Book Image

Artificial Intelligence with Power BI

By : Mary-Jo Diepeveen
Book Image

Artificial Intelligence with Power BI

By: Mary-Jo Diepeveen

Overview of this book

The artificial intelligence (AI) capabilities in Power BI enable organizations to quickly and easily gain more intelligent insights from unstructured and structured data. This book will teach you how to make use of the many AI features available today in Power BI to quickly and easily enrich your data and gain better insights into patterns that can be found in your data. You’ll begin by understanding the benefits of AI and how it can be used in Power BI. Next, you’ll focus on exploring and preparing your data for building AI projects and then progress to using prominent AI features already available in Power BI, such as forecasting, anomaly detection, and Q&A. Later chapters will show you how to apply text analytics and computer vision within Power BI reports. This will help you create your own Q&A functionality in Power BI, which allows you to ask FAQs from another knowledge base and then integrate it with PowerApps. Toward the concluding chapters, you’ll be able to create and deploy AutoML models trained in Azure ML and consume them in Power Query Editor. After your models have been trained, you’ll work through principles such as privacy, fairness, and transparency to use AI responsibly. By the end of this book, you’ll have learned when and how to enrich your data with AI using the out-of-the-box AI capabilities in Power BI.
Table of Contents (18 chapters)
Part 1: AI Fundamentals
Part 2: Out-of-the-Box AI Features
Part 3: Create Your Own Models

What are our options for AI in Power BI?

If we think about what we can do with AI in Power BI, there are roughly two categories we could put the options in. First of all, we have the low-hanging fruit: the easy projects with which we can start today. And second, we have the ability to create our own models and integrate these with our Power BI reports that give us more flexibility but require a larger time investment.

Out-of-the-box options

The easy AI options in Power BI can also be referred to as out-of-the-box AI features. These models are pre-built by Microsoft, meaning that we do not need to spend time on collecting data to train the model, nor do we need the expertise to choose the right algorithm. That already saves us time on the most challenging phases in the data science process!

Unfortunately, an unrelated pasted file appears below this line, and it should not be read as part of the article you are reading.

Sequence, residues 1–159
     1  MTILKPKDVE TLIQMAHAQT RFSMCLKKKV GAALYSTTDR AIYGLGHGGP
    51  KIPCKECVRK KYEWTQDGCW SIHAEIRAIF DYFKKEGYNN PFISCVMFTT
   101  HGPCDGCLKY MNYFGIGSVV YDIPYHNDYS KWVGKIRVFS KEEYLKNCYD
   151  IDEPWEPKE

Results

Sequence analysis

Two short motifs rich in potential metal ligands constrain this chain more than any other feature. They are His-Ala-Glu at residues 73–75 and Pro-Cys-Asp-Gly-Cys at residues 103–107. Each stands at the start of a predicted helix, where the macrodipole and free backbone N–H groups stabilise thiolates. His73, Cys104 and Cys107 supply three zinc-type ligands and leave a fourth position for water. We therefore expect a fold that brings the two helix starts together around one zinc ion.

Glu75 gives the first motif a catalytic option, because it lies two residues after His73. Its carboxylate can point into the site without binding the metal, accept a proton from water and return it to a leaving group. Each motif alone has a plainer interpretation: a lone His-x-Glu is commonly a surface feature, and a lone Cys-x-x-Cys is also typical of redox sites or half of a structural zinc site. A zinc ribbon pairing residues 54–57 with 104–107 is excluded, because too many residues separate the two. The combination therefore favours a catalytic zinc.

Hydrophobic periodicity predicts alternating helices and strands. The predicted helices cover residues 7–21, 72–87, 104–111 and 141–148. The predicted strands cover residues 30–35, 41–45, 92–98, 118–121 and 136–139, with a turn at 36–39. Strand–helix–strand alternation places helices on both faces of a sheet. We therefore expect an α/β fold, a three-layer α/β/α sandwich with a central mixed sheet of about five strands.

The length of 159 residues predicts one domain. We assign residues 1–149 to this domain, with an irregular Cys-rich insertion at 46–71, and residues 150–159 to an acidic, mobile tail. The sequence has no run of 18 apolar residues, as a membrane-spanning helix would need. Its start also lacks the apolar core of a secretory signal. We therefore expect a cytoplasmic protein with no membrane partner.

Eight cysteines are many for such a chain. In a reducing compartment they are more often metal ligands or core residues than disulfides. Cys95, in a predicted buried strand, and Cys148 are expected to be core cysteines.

For most of these features, the models are already integrated with Power BI and all we have to do is consume them. For others, we have the option to add a little bit of our own data to customize it to our business scenario. That means that there is some kind of base model under the hood that is already trained by Microsoft on data collected by Microsoft (check the Privacy Agreement for the service you are working with to see whether your data is being used). We then add our own data so that Microsoft can finish training a model in a fraction of the time it would take us to create the same model ourselves from scratch.

Next to that, we can also see these models being offered in various ways. We have integrated models in Power BI that are accessible through rich visuals, also known as AI visuals. We have integrated models that can be used with a specific type of data, such as the forecasting we can add when plotting time-series data. And finally, we can use the Cognitive Services, a collection of Azure services consisting of pre-built models that we can very easily integrate with any application through the use of APIs.

Creating your own models

The advantage of using pre-built models is that you save time and money when getting started with AI. The disadvantage of using these kinds of models from any software vendor is that you have less control and less flexibility over the design of your model. If, instead, you want to create your own models, you do need access to data science expertise to make the right decisions when training a model.

Still, there are many situations in which we want to make sure we create a model that is specifically designed for our use case. In this book, we'll assume we want to work with Microsoft's cloud platform Azure to easily integrate any machine learning model with Power BI. We have three main options in Azure when training our own model:

  • Using Automated Machine Learning to train multiple models (in parallel), choose the best one, and integrate that one with our data pipeline.
  • Using the Azure Machine Learning Designer to create a model.

Both of these options require less data science expertise than the final option:

  • Using the Azure Machine Learning workspace to train and deploy model based on training scripts that are created from scratch. The latter is what data scientists are often trained to do. They are comfortable in Python or R and most commonly use open source libraries such as Scikit-learn, PyTorch, or TensorFlow to train models.

Whatever option you go for, the purpose is that you are in full control over the training data, and you can choose which algorithms to use when training a model. This means it can take more skill, time, and compute power to get to the same end result as when we use out-of-the-box models. Both pre-built models as well as self-built models therefore serve their purpose and for each use case it should be evaluated which approach works best.